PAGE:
In “The Collective,” a gripping new film directed by Tom DeNucci and written by Jason James and Matthew Rogers, a skilled group of ethical assassins operates under the guidance of Liam (Don Johnson), aiming to bring down those who remain beyond the reach of justice.
The story follows Sam (Lucas Till), who undergoes a challenging test to join The Collective, proving his mettle in a paintball simulation. Despite his skills, he finds himself stuck in a desk job, deciding which contracts the agency should accept, a role he isn’t content with.
Sam’s opportunity to prove himself arrives when he takes on the case of Miro Lindell (Paul Ben-Victor), a wealthy human trafficker protected by formidable enforcers, Daisy (Ruby Rose) and Nikita (Mercedes Varnado). As the plot unfolds, Sam collaborates with another Collective assassin, Hugo (Tyrese Gibson), who offers a different approach to their missions.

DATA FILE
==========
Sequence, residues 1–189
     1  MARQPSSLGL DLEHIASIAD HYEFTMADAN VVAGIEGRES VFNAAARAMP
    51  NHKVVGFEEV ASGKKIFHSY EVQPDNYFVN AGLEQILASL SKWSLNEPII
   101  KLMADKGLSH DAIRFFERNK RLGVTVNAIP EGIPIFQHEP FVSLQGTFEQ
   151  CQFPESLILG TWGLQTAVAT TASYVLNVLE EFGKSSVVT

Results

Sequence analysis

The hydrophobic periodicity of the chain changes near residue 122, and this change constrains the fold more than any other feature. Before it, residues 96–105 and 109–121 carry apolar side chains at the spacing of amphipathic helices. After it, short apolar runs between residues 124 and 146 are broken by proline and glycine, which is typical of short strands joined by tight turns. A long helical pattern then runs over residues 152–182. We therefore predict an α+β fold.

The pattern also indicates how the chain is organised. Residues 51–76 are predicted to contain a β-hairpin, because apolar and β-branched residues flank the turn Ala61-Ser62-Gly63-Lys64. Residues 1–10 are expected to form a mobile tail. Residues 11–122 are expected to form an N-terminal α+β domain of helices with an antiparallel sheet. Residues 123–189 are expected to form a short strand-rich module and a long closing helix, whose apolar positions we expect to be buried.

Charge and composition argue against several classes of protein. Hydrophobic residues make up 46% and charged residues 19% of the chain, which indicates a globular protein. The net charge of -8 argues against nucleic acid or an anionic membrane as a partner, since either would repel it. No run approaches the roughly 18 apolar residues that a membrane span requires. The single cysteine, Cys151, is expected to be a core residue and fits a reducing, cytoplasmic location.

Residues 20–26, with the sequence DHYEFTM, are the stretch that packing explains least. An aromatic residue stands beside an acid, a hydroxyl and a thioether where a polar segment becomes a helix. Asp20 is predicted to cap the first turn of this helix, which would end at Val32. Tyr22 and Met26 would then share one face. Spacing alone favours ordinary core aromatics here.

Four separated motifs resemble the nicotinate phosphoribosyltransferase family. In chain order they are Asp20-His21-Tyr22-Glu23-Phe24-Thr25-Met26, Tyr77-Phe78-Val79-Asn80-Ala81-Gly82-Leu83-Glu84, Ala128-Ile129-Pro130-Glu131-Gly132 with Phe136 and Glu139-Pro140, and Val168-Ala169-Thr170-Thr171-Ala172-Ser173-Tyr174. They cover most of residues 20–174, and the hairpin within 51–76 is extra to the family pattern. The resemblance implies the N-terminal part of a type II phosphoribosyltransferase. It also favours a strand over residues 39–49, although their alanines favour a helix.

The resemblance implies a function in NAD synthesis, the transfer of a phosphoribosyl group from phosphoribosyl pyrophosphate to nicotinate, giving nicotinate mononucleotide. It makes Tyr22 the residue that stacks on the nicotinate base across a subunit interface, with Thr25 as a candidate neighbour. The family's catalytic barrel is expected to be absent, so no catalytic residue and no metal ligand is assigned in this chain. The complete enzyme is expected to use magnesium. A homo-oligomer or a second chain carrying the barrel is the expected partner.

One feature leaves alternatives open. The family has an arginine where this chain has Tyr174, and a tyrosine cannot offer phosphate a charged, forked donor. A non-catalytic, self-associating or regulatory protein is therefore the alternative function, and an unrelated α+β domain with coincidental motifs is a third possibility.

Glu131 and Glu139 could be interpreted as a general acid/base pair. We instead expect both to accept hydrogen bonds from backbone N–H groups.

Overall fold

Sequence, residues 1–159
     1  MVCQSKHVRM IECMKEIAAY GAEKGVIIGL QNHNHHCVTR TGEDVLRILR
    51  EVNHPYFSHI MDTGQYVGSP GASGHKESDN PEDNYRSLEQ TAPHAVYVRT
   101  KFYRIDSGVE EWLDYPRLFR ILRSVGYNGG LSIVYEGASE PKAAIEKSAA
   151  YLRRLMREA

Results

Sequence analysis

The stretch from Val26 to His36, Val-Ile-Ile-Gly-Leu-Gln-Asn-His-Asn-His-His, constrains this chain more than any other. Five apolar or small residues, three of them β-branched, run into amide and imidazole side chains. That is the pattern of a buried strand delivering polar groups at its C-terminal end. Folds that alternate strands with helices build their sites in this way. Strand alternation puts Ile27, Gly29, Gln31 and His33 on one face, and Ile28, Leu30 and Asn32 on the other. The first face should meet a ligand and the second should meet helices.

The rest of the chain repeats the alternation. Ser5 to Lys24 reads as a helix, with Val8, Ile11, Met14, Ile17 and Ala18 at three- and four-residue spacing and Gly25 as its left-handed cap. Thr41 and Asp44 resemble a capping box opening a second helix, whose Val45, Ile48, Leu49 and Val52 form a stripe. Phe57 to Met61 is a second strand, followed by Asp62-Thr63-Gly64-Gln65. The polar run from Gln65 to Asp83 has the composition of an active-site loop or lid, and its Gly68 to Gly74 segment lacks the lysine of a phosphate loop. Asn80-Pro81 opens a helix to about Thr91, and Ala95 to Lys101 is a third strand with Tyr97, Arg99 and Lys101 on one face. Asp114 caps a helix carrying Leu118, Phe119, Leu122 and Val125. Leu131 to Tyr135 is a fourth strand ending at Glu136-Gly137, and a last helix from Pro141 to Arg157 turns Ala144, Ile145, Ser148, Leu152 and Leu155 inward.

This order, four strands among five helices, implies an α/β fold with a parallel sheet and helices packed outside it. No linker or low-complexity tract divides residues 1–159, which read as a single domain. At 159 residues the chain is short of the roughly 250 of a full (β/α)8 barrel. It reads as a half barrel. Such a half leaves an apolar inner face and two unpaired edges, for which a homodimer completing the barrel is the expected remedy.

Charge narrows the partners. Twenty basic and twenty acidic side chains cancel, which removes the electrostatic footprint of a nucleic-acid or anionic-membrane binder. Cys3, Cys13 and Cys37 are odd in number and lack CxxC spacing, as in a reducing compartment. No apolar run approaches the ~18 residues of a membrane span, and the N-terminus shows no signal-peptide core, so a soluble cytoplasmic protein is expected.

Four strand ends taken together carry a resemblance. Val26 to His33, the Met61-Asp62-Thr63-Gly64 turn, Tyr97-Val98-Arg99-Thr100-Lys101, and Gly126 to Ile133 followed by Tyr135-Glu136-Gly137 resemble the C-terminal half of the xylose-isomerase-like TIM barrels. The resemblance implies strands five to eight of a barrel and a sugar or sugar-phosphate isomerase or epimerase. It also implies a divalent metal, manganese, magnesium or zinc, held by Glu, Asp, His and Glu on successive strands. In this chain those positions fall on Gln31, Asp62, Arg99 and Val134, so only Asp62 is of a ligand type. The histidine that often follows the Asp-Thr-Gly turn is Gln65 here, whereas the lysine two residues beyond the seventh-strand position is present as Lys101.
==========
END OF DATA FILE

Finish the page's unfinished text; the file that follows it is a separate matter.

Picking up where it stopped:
While the film adheres to the familiar formula of a DTV (direct-to-video) thriller, “The Collective” manages to get the formula right. The action sequences keep the pace engaging, though one scene with endless adversaries pouring through a door feels overdone.
Unlike some thrillers, the film doesn’t fall into the trap of having a bland villain. Paul Ben-Victor brings depth to his character, making him hateable yet intriguing with quirky traits, such as singing to a captive victim. However, some of the protagonists, like Sam with his lawyer-turned-assassin backstory, could benefit from more development.
In essence, “The Collective” is a solid thriller that doesn’t venture into groundbreaking territory but delivers the action and excitement viewers seek. Unlike other controversial films on similar topics, it avoids any claims of being based on true events, allowing audiences to enjoy it without reservation.